The Online Isotopes in Precipitation Calculator: Information and release notes


This page allows on-demand calculation of the estimated modern mean annual and monthly deuterium and oxygen isotope composition of precipitation at a specified location. 95% confidence intervals for the estimated annual values can also be obtained. It is intended as a tool to facilitate the use of stable isotope data in hydrological, ecological, forensic, and geological studies, and to help standardize the interpolation of precipitation stable isotope data. Estimates are calculated from a global data set according to an algorithm developed by Bowen & Wilkinson (2002) and refined by Bowen & Revenaugh (2003) and Bowen et al. (2005). These papers are the primary references for the OIPC, provide description of the methods, and should be cited in any publication or report that uses isotopic estimates generated using this site. More background on this project can be found here. The data used by the OIPC are derived primarily from the International Atomic Energy Association/World Meteorological Organization Global Network for Isotopes in Precipitation, and their work should also be recognized.


The OIPC consists of a simple HTML form that allows user entry of site location and elevation parameters and returns estimated δ2H and δ18O values for the specified location. Enter the latitude and longitude in decimal degrees, with East and North positive and West and South negative. Altitude should be entered in meters above sea level. Please note that the OIPC provides limited checks on the accuracy of your site locations...any inaccuracies in the latitude/longitude/altitude values you enter on the form will affect the isotopic estimates returned. If you would like to obtain quantitative estimates of the 95% confidence intervals for interpolated mean annual values, check the appropriate box...however, generating the confidence intervals increases the required computational time by an order of magnitude, so be prepared to wait!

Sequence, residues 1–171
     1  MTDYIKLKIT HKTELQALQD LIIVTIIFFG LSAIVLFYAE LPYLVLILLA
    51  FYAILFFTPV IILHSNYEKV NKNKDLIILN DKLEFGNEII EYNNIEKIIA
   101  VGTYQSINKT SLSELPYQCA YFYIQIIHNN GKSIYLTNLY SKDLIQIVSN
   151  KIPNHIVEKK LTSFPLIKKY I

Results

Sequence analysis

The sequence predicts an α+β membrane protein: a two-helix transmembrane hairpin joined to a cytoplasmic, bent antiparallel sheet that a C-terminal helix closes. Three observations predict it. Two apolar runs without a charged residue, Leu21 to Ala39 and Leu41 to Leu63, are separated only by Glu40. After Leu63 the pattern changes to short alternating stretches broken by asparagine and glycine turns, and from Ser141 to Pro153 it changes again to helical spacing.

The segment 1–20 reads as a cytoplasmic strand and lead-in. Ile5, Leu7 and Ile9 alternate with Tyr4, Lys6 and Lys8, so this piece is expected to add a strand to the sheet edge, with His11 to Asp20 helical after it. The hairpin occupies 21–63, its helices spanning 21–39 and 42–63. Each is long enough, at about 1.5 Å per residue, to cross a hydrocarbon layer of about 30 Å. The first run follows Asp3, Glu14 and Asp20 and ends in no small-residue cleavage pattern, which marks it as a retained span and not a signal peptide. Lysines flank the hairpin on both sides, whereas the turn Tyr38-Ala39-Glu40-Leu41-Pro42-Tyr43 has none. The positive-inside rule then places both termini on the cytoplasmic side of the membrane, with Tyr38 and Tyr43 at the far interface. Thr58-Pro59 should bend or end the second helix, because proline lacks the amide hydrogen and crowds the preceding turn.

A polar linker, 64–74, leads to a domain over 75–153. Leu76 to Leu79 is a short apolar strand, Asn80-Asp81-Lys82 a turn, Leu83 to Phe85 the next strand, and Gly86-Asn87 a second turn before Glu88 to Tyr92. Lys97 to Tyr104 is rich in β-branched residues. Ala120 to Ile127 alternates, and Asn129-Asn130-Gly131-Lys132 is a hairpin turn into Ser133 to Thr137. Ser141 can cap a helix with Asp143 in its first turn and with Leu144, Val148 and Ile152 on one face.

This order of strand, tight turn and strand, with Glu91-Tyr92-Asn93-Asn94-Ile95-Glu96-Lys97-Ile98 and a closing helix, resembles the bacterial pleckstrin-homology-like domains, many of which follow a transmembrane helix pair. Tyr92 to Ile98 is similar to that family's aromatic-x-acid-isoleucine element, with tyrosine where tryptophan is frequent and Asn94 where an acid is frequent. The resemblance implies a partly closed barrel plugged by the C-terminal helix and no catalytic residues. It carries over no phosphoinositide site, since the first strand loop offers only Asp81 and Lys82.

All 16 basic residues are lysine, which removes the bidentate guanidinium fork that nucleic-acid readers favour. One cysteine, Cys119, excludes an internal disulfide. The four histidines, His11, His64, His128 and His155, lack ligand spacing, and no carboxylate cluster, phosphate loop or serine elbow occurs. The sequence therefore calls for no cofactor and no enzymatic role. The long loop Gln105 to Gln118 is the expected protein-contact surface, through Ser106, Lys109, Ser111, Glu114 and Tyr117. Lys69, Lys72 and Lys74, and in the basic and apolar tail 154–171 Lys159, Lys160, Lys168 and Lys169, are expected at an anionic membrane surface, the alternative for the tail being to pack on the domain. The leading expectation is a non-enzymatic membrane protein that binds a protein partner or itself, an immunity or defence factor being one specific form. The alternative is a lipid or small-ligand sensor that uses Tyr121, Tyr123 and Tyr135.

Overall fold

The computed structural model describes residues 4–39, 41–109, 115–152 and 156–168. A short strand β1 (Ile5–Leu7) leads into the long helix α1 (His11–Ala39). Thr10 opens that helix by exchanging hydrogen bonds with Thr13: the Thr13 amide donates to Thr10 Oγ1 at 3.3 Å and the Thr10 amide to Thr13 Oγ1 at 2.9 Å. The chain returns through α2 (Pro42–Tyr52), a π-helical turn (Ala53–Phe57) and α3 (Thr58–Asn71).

A number of problems and challenges related to using the existing isotopes in precipitation data are described by Bowen & Revenaugh (2003). Of primary concern, the un-evenness of sampling through time has the potential to create local artifacts in the interpolated isotopic fields. A robust interpolation algorithm should help reduce such artifacts, but they may still exist. The confidence intervals calculated by our program give some sense of where these effects may be significant. The values provided here are estimates of the modern (post-1950) mean condition, and may not agree with specific instantaneous or time-averaged measurements of the isotopic composition of precipitation at a given site.

Information on OIPC release versions

The OIPC continues to grow and evolve, providing new capabilities and incorporating a growing database. At intervals, changes are made that will affect isotope ratio estimates for any given site, hopefully with the result that estimates are continually improved. I have established a system of versioning in order to document these changes and allow users to know which version they have used. Version numbers are shown in the OIPC form window, and are keyed to the notes provided here on each version.

OIPC3.2 (6/2018)

Version 3.2: minor data additions and updates. These have been incorporated in some of the raster data products but are not yet implemented in the OIPC itself.

OIPC3.1 (4/2017)

Version 3.1 incorporates fixes to 2 bugs that produced incorrect H isotope ratio estimates for January and February in the monthly module of version 3.0 and performance improvements reducing the time required for monthly calculations.

OIPC3.0 (3/2017)

Version 3.0 represents a major update to the OIPC database. Station number updates are shown below. Many thanks to everyone who has collected and contributed data to the collection, and to Annie Putman for assistance with data compilation.